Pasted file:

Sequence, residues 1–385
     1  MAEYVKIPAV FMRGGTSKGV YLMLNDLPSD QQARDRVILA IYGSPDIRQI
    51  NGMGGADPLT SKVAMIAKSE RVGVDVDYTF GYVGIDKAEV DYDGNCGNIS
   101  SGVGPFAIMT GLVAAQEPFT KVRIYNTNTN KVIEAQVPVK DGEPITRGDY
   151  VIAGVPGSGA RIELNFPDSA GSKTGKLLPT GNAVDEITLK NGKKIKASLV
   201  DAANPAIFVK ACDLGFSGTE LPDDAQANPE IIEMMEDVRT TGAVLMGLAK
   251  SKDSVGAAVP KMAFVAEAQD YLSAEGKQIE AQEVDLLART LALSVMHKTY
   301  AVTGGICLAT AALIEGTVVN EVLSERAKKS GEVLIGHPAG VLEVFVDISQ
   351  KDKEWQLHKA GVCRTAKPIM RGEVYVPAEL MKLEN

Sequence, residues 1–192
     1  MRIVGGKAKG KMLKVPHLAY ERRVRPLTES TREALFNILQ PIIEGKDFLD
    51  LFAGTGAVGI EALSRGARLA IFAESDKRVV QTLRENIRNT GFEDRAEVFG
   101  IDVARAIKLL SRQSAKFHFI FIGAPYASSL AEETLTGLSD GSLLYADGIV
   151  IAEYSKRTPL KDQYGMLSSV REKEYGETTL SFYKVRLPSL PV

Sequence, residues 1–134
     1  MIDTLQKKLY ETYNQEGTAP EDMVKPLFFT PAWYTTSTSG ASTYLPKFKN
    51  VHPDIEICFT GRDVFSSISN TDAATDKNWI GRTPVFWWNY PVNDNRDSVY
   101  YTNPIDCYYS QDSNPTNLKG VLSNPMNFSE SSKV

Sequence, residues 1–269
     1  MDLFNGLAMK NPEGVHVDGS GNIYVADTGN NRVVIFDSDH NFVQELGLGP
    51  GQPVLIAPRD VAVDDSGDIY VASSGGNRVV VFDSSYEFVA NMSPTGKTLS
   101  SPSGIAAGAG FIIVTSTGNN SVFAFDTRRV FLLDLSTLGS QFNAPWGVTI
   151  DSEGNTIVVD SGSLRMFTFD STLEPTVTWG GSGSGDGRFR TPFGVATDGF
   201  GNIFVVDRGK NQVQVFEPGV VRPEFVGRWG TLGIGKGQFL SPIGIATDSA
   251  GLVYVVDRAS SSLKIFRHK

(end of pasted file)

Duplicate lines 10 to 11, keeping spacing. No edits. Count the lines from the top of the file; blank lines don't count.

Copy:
Sequence, residues 1–192
     1  MRIVGGKAKG KMLKVPHLAY ERRVRPLTES TREALFNILQ PIIEGKDFLD